Things aren’t going very well for Miriam: at the age of twenty-nine, having made zero headway in a TV career she’s not even sure about anymore, she’s stuck in a cycle of shitty temp jobs. Related: she shares a flat with a passive-aggressive bitch, her bed’s barely big enough for a grown-up, she can’t sleep, and her neighbour listens to really loud porn. She tries to have an existential spring-clean by dumping all her stuff in the charity shop, but that doesn’t work; she gets a job answering phones for a firm that masquerades as other, even shoddier, firms, but that doesn’t work either. And then she meets Erik: a Slovakian artist and fashion photographer who needs somebody – Miriam, natch – to help him sort out his life. Erik’s life is, as you might have guessed, a lot messier than Miriam’s: he’s a hoarder. Daytime TV would salivate over Erik: attractive, intelligent, depressive, secretive, older, and surrounded by a decaying mansion’s worth of magazines, newspapers and books. And he needs to get it in order, because his teenage daughter’s coming to live with him. And, having seen Miriam hand over all her earthly goods to the staff at Barnardo’s, he reckons she’s the woman for the job. And one thing leads to another, et cetera and so on.
This is a quick read with a relatively simple plot; it’s a will-they-won’t-they relationship drama with a pretty low-key, introspective bent. Obviously there are twists and turns – Erik’s past isn’t quite what we thought we saw coming; Miriam’s career troubles take a novel turn – but what we’ve got here is essentially girl-meets-boy, with the added psychological drama of hoarding to complicate the boy’s-not-in-a-good-place element of the plot, and a healthy dollop of self-awareness from Miriam to leaven the girl-thinks-she-can-fix-him bit. It’s a good theme: mental/emotional baggage (they’re each a mess) and physical baggage (he’s got too much, she’s got too little) is, in a way, an easy parallel, but the hoarding is visually compelling, and Tierney handles it carefully: there’s always a sense that this isn’t a battle Erik (or Miriam) will win, but that that’s okay – rather than advocate for wholesale fresh starts, the book advocates more for patience and attentiveness and understanding. Good for hoarding, good for life, right? Well, maybe. There’s a nice ambiguousness, or ambivalence, here: hope edged with realism. It’s also funny: Miriam’s conversations with her flatmate, Jessica, and Jessica’s personality-free boyfriend, not to mention with her colleagues at City Business Services, are painfully sharp in their attention to petty detail. Plus the book’s Manchester setting appeals to us here in the North – Chorlton and Whalley Range feature heavily, and Morecambe gets a day-trip cameo.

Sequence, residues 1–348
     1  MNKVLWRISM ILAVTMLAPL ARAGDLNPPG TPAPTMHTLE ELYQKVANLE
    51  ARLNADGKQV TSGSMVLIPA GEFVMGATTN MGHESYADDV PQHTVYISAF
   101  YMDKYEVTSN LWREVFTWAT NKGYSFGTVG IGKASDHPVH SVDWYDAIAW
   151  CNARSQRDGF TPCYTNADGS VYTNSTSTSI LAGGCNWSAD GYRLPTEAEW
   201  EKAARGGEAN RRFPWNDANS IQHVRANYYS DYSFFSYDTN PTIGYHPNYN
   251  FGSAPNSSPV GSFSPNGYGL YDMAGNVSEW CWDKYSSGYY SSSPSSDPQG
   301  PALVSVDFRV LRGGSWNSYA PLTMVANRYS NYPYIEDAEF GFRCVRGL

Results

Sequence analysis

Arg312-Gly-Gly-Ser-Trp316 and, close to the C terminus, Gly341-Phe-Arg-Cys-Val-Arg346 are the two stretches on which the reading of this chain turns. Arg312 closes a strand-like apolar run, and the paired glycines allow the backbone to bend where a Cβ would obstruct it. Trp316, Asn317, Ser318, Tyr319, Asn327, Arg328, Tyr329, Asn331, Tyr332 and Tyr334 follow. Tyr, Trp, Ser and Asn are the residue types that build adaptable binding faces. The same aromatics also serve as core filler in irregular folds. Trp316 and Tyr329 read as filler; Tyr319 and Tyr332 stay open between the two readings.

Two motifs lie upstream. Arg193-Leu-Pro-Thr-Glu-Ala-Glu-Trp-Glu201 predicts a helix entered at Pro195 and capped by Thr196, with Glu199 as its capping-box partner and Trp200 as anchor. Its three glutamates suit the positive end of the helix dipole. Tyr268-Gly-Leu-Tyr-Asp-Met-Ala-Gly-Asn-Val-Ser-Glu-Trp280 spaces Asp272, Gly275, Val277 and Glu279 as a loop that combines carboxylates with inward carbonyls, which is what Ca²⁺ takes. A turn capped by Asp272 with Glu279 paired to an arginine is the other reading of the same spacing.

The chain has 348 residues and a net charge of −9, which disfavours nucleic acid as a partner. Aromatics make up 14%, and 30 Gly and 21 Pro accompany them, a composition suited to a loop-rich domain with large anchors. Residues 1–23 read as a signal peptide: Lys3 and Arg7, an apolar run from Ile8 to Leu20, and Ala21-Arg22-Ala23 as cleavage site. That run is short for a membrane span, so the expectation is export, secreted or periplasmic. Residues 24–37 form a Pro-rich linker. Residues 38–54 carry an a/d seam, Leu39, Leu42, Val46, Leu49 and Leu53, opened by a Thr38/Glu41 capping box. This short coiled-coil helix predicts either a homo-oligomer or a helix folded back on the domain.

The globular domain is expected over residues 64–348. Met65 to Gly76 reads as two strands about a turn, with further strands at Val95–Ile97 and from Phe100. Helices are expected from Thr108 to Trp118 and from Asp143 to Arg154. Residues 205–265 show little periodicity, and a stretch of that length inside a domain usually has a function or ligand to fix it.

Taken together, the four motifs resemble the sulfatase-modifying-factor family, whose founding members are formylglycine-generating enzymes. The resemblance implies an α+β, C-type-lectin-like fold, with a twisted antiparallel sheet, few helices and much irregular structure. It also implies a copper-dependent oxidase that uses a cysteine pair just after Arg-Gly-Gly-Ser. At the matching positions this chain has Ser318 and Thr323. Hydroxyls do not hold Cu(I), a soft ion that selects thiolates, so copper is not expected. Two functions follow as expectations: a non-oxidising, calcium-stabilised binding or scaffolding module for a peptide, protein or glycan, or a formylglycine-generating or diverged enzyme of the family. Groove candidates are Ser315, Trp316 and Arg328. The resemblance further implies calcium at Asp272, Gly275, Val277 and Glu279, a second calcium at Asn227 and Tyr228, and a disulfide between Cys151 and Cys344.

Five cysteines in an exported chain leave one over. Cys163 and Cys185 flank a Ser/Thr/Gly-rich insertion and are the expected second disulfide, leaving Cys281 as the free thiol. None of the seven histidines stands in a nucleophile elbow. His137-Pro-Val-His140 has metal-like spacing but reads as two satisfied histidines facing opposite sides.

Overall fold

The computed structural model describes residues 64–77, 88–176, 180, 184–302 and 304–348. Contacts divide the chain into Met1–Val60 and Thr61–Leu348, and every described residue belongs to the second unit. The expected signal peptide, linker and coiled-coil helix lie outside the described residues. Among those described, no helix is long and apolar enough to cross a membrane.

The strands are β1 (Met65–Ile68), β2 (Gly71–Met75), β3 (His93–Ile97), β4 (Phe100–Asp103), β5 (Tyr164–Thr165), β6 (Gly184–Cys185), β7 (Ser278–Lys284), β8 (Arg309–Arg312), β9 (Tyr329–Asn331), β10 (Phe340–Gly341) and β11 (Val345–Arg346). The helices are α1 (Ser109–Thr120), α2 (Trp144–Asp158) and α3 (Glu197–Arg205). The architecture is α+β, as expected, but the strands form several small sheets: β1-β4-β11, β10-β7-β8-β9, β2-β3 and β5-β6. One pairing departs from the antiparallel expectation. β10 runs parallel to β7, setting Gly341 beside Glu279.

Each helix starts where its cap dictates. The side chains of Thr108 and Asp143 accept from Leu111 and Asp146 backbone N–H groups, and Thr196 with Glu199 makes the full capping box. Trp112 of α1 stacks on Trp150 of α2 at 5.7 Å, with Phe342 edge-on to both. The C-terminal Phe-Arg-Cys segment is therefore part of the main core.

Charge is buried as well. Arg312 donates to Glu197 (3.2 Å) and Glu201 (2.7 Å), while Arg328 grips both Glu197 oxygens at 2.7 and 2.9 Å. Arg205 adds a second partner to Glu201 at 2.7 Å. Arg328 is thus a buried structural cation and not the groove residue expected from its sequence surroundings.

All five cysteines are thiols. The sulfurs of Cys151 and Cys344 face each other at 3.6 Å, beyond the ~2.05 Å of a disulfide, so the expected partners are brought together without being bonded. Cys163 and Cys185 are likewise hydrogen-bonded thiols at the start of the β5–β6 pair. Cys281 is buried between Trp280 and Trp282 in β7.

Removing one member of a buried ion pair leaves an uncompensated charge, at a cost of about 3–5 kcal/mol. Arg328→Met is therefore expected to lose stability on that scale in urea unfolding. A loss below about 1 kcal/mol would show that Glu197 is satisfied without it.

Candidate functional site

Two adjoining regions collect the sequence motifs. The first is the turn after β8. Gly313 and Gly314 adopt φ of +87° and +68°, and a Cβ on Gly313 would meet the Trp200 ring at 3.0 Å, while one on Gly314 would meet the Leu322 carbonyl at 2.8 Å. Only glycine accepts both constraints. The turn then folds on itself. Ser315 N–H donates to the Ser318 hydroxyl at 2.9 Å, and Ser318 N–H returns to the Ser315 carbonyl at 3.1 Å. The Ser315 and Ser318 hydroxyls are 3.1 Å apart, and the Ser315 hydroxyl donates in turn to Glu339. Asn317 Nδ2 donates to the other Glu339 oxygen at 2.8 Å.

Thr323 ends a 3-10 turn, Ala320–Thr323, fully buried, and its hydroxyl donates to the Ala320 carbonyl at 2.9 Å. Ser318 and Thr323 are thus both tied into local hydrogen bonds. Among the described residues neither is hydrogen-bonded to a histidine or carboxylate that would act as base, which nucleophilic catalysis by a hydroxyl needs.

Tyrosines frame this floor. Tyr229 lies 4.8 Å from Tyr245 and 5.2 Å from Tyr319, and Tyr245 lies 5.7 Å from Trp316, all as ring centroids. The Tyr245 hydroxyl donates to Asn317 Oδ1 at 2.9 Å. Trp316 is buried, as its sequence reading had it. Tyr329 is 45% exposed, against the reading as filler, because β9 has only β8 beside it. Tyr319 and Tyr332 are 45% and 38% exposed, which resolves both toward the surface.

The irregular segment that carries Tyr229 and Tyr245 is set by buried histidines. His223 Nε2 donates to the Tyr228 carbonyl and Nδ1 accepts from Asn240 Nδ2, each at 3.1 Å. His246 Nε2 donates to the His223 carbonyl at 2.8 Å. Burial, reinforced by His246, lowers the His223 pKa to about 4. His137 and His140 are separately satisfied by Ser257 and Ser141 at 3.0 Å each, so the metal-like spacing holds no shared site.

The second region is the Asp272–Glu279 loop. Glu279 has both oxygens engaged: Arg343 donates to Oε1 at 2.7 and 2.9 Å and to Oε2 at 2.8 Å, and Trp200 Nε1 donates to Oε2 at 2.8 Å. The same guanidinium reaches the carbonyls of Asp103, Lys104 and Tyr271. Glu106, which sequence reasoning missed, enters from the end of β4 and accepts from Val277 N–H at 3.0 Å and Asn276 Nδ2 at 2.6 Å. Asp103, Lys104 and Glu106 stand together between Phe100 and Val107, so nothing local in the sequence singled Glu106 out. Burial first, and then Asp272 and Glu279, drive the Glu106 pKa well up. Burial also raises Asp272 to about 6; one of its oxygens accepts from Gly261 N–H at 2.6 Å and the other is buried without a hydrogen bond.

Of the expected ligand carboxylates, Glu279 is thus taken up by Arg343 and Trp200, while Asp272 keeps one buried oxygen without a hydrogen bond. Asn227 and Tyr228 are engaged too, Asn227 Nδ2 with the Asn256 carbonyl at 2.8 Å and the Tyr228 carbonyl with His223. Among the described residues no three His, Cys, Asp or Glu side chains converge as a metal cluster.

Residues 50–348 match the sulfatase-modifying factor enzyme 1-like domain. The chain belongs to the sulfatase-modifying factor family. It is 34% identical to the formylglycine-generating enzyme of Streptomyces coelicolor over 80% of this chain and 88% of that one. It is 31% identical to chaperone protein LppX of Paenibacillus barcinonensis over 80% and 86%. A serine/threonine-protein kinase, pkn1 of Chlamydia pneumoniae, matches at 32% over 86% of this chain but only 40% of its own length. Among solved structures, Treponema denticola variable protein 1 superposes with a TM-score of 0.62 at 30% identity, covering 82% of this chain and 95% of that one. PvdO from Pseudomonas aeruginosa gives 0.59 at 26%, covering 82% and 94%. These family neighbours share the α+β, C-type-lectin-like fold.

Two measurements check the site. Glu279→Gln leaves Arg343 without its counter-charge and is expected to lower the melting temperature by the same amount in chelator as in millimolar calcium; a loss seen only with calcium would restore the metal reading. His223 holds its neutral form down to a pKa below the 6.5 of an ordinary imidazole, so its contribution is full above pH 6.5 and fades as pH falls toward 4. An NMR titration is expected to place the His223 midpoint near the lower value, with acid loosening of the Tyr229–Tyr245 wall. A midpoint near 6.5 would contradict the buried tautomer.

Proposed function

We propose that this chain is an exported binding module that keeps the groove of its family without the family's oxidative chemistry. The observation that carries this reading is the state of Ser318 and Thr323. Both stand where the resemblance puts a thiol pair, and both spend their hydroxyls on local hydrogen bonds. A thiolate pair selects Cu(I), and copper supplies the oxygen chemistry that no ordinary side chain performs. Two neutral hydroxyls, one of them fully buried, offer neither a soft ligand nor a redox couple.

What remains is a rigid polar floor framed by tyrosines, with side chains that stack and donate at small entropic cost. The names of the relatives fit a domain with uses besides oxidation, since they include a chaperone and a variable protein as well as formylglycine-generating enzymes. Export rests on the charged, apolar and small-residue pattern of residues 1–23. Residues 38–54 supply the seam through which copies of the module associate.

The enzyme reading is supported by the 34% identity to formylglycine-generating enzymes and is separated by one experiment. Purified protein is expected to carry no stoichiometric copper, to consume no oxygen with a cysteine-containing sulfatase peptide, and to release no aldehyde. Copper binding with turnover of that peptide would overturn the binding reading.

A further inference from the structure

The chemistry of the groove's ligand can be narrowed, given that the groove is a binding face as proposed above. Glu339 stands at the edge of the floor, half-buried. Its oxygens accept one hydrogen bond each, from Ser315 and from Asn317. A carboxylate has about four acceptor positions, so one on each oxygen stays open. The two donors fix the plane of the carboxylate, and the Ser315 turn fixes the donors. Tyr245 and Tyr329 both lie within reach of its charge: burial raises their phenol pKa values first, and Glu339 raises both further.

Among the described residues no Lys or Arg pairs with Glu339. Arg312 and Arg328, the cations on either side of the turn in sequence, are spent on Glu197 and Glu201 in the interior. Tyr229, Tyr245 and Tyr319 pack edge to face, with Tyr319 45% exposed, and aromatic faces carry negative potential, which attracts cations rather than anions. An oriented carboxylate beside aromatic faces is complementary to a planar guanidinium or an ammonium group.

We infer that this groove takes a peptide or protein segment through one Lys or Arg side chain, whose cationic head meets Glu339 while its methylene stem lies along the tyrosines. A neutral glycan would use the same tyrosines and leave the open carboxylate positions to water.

Any Cop? It didn’t set us alight, but the premise was interesting enough to keep us going, and Miriam’s sardonic narration was consistently entertaining. If you want a psychologically-inclined romance with an edge of what-the-hell-am-I-doing-with-my-life, you’d do a lot worse.